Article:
Gangliogliomas are classified as glioneural neoplasms, based on histologic findings described as a mixture of neoplastic astrocytes and neurons. The specific immunoreactivity to glial fibrillary acidic protein (GFAP), synaptophysin, and neurofilament protein demonstrate a dual origin of the cells. Usually both components are benign, and the tumor is classified as WHO Grade I or II. Rarely, a tumor contains areas with mitotic activity, anaplasia, and necrosis, characterizing it as a high-grade tumor.[2] [5] [6] Moreover, some authors use the presence of anaplastic histologic features or a MIB-1 labeling index  > 10% to define a high-grade tumor.[2] [4] [6] [7]

The diagnosis of ganglioglioma by using neuroimaging (computed tomography and MRI) is mainly dependent on the delineation of a solid or partially cystic mass.[8] [9] There are focal calcifications in 35% of tumors and enhancement with contrast material in 50%.[5] [8] [9] The signal intensity is non-specific and it is usually heterogeneously hyperintense on T2-weighted images, while iso- or hypointense on T1-weighted images.[9] [10] Most gangliogliomas show some contrast enhancement; however, there are too few cases of anaplastic ganglioglioma to establish parameters to differentiate the low- and high-grade categories.[11]

The relationship between pineal ganglioglioma and tumor markers seems to be nonspecific, as only two reports have documented serum AFP and β-hCG, and no reports have documented CSF markers. Tokoro et al.[12] reported a single case of ganglioglioma with elevated serum AFP level. However, Chang[4] described a female patient with premature thelarche related to a pineal ganglioglioma for which serum AFP and β-hCG levels were normal. In the present case, serum, and CSF marker levels were normal.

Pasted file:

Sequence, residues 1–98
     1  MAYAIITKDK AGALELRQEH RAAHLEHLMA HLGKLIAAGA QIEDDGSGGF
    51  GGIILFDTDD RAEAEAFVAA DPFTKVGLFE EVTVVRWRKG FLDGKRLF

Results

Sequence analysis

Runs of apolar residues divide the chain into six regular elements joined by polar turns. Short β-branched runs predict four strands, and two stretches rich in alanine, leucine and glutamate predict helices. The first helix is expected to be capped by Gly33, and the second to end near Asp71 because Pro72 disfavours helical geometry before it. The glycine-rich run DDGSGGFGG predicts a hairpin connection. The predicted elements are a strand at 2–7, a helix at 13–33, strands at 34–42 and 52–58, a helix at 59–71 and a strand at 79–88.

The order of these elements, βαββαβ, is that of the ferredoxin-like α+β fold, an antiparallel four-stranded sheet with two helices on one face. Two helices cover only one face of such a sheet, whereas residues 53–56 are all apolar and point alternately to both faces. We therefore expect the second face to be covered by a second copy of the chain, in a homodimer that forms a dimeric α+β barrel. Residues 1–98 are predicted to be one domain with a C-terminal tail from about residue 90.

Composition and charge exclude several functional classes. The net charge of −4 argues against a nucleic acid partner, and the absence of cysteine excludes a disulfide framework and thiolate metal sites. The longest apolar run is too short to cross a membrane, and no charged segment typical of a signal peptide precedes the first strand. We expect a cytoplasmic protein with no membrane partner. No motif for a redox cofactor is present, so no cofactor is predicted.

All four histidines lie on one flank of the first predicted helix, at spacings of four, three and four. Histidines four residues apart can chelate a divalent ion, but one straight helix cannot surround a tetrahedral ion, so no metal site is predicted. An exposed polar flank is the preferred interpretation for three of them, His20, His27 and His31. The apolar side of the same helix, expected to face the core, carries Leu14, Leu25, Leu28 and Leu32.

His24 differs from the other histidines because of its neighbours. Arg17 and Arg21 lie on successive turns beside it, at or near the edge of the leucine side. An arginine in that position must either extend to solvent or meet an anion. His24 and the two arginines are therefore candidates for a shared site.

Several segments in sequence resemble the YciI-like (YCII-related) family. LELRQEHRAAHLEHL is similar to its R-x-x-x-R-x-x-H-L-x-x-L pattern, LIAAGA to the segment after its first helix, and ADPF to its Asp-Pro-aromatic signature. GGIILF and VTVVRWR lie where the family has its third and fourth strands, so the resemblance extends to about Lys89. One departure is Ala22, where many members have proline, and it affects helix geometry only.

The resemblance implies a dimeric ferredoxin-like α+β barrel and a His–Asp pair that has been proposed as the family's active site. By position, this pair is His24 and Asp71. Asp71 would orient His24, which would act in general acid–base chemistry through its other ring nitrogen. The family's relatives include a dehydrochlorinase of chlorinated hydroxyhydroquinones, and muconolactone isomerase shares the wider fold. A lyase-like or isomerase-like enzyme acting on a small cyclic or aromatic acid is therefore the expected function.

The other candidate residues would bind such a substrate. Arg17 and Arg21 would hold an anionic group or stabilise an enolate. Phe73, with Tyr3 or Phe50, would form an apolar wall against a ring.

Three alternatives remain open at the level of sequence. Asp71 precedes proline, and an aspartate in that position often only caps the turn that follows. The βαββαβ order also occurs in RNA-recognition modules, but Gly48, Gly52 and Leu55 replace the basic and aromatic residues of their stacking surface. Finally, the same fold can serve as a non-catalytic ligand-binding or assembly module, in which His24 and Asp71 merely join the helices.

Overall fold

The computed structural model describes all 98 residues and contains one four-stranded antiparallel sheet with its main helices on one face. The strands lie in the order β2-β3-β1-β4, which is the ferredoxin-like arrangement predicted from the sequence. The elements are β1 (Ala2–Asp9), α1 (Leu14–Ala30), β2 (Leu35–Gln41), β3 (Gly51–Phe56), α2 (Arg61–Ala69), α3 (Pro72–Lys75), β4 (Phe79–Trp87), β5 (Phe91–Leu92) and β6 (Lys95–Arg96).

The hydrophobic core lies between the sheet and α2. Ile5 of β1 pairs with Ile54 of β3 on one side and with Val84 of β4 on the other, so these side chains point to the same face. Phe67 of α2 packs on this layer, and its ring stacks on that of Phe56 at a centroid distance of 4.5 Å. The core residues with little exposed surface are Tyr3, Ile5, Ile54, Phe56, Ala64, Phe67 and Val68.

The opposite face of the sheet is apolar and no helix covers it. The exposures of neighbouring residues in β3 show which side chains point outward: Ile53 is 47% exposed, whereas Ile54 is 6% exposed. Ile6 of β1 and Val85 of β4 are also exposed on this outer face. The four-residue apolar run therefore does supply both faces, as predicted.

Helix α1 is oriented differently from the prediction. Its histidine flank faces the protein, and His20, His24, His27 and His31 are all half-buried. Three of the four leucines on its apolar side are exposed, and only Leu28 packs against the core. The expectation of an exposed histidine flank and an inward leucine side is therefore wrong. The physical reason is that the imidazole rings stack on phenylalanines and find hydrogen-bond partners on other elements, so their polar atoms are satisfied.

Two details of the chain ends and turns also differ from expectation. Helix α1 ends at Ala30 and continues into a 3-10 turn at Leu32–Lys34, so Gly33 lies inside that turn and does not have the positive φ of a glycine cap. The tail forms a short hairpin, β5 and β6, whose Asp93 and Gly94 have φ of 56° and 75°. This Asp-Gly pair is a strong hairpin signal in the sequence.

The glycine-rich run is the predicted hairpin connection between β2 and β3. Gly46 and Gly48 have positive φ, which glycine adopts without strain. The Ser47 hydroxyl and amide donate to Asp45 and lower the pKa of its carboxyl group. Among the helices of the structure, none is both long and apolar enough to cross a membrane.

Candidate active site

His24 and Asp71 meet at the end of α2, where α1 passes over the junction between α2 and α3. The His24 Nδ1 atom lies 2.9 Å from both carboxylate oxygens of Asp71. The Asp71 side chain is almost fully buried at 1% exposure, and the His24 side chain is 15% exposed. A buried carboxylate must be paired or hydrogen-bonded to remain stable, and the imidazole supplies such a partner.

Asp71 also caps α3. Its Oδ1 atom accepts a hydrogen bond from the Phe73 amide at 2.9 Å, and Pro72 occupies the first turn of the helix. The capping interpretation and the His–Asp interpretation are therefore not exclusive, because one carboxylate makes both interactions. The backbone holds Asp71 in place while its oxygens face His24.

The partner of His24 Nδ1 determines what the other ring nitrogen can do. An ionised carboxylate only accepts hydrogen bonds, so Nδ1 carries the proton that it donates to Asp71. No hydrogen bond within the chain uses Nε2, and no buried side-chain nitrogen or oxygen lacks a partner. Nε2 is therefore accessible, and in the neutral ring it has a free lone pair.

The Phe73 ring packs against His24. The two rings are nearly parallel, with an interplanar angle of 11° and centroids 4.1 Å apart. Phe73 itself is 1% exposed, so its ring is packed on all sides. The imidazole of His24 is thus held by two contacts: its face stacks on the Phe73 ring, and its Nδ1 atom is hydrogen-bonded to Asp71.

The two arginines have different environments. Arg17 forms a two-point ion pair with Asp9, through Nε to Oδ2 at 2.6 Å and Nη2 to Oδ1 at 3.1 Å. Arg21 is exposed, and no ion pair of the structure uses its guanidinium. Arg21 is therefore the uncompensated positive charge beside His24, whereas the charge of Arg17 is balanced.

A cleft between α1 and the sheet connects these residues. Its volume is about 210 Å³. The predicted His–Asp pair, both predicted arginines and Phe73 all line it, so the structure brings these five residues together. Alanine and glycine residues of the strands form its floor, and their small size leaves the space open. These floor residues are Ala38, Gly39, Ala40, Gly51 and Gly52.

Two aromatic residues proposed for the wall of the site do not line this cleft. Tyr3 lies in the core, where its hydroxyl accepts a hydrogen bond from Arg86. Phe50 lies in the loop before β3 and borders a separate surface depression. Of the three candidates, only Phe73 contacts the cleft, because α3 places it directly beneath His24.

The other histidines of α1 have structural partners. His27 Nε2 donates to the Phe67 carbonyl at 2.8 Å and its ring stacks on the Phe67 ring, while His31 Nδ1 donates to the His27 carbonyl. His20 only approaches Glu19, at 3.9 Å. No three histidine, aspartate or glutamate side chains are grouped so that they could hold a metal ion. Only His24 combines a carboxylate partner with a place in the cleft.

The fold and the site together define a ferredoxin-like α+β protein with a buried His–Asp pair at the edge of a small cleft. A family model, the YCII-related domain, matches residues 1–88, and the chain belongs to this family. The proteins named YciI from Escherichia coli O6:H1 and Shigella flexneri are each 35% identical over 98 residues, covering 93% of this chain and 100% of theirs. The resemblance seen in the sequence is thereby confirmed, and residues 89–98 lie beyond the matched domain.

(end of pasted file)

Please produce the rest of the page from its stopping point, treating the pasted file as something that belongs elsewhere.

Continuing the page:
Surgery plays an important role in the treatment of gangliogliomas. Luyken et al.[4] reported a 7.5-year recurrence-free survival rate of 97% in a series with 79% of gross total resection, only 5 patients had tumor recurrence between 7 months and 3 years after surgery, and 3 (2%) of these patients had histologic signs of malignant progression, including 2 patients who had histologically confirmed glioblastoma. Lang et al.,[13] described a 5-year and 10-year survival rate of 89% and 84%, respectively, and a recurrence rate of 16% in supratentorial gangliogliomas that underwent subtotal resection. In a review, DeMarchi et al.[2] reported a worse prognosis for anaplastic gangliogliomas treated with surgery alone. However, there is insufficient data supporting the indications and timing for radiotherapy and chemotherapy.[2] [6] Scoccianti et al.[6] reported an indication for conformal radiotherapy to the operative bed plus a 10-mm safety margin. In the present case, we employed adjuvant therapy based on current treatment standards for other high-grade gliomas aimed at an extended recurrence-free survival.


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Conclusion

This report describes a very rare case of a 32-year-old woman with anaplastic ganglioglioma of the pineal region, which tested negative for biomarkers. The surgical approach achieved gross total resection of the tumor in a challenging location. However, given the rarity of anaplastic gangliogliomas, there is a lack of information regarding adjuvant treatment.


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Address for correspondence

Ricardo Silva Centeno, MD, PhD
Department of Neurosurgery, Federal University of São Paulo
715, Napoleao de Barros Street, 6th floor, São Paulo, SP, Brazil 04024-002


Zoom Image
Fig. 1 Preoperative MRI. Sagittal T1-weighted MRI showing an ill-defined pineal mass with spontaneous hyperintense areas.
Zoom Image
Fig. 2 Intraoperative images. Removal of the tumor via the infratentorial supracerebellar approach.
Zoom Image
Fig. 3 Biphasic neoplasm with microvascular proliferation. (A) Neuronal component, hematoxylin, and eosin (H&E) stain, original magnification 200× (H&E, 200×). (B) Astrocytic component with microcysts (H&E, 200×).
Zoom Image
Fig. 4 Postoperative MRI. A: Sagittal T1-weighted MRI demonstrating gross total resection.